Avid has produced its shared storage solution for well over a decade which has seen it established as possibly the worlds most popular NLE shared storage solution. With Avid’s latest Unity (version 5) release saw a big change on a number of fronts but 2 of the largest changes were the physical components that made up a unity and more3 importantly the location of the systems metadata.
Pre v 5 Unity
Unity hardware used to be made up of 3 key components
1 - Unity file manager (Intel 2u server - version specific)
This handles requests from clients and maintains and tracks the Unity files systems metadata in RAM. This is the heart of the system and acts like a librarian, directing workstations to the appropriate drives to find media.
2 - Unity Fibre channel switch (Vilex or Qlogic)
This is the interconnect between Server, storage and clients operating at varying speeds depending upon the age of the system (1Gb, 2Gb and 4Gb Fibre Channel)
3 - Unity storage (Avid bandaged Fibre attached JBODs)
This is the physical storage that holds both media AND 3 working copies of the Unity systems metadata (backup up every 20 seconds)
These early Unity systems run with drive block sizes or either 128kB or 256kB, depending upon the version of Unity software they’re running. Ethernet connectivity is only available on early Unity systems via the use of Port Servers (separate Intel servers that ‘bridged’ between Ethernet clients and the Fibre channel storage.)
Version 5 Unity
Version 5 saw a move away from the previous traditional Unity model to something that resembled its baby brother, Unity Lanshare EX. Gone is the separate File Manager server (so losing any fail over possibility) and in is the Avid Media Engine, this chassis now contains 16 media drives as well as the file manager software and is known as an Avid Media Engine. As well as being able to have fibre clients attached it also used the Lanshares model of supporting Ethernet and Fibre clients from the same system without the use of additional servers offering a total of 46 users (26 Fibre and 20 Ether).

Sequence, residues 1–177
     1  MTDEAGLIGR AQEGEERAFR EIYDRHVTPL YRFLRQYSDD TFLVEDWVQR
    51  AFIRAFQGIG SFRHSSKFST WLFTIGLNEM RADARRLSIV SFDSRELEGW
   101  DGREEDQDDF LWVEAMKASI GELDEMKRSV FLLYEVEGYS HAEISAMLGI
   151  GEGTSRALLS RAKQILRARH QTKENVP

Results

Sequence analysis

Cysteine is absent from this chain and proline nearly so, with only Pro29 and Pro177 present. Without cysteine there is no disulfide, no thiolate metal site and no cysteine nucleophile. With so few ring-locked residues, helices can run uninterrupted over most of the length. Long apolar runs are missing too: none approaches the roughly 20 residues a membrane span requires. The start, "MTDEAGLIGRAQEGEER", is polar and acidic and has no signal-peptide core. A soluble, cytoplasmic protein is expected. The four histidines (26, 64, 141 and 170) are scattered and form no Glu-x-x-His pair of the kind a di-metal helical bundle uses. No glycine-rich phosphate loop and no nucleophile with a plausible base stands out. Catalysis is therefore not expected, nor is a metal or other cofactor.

Version 5 also saw the block size increase from 256KB to 1MB! While this meant that the system could now handle HD media (especially single large files greater than 2GB i.e. MXF media) for a much reduced metadata count. However this does mean that small files (Project information for example) does make for rather inefficient use of the drive space. For example a 329KB folder or audio render must sit inside a 1MB block meaning that over 600KB of space on this particular block is lost. Which is why shared projects running from v5 Unity may not always be prudent.
A Unity system is still made up 3 components but this has changed too...
1. Unity Media Engine
As in previous releases the Media Engine still fulfils the role of the previous File Manager and handles requests from clients and maintains and tracks the Unity file systems metadata, held in RAM. But just like Lanshare, the system also houses 16 media drives. However, the Media Engine is also the sole location of the Unitys metadata, held on the Engines mirrored D partition.
2. Unity Fibre channel switch (Qlogic only)
This is the interconnect between Server, storage and clients and operates at 4Gbs over Fibre Channel and supports either a single 10port Qlogic switch or up to 2 cascaded 16 port Qlogic switches
3. Unity storage (Avid Fibre attached JBODs)
This is the physical storage that holds ONLY media, Unity metadata is now held entirely by the Media Engine.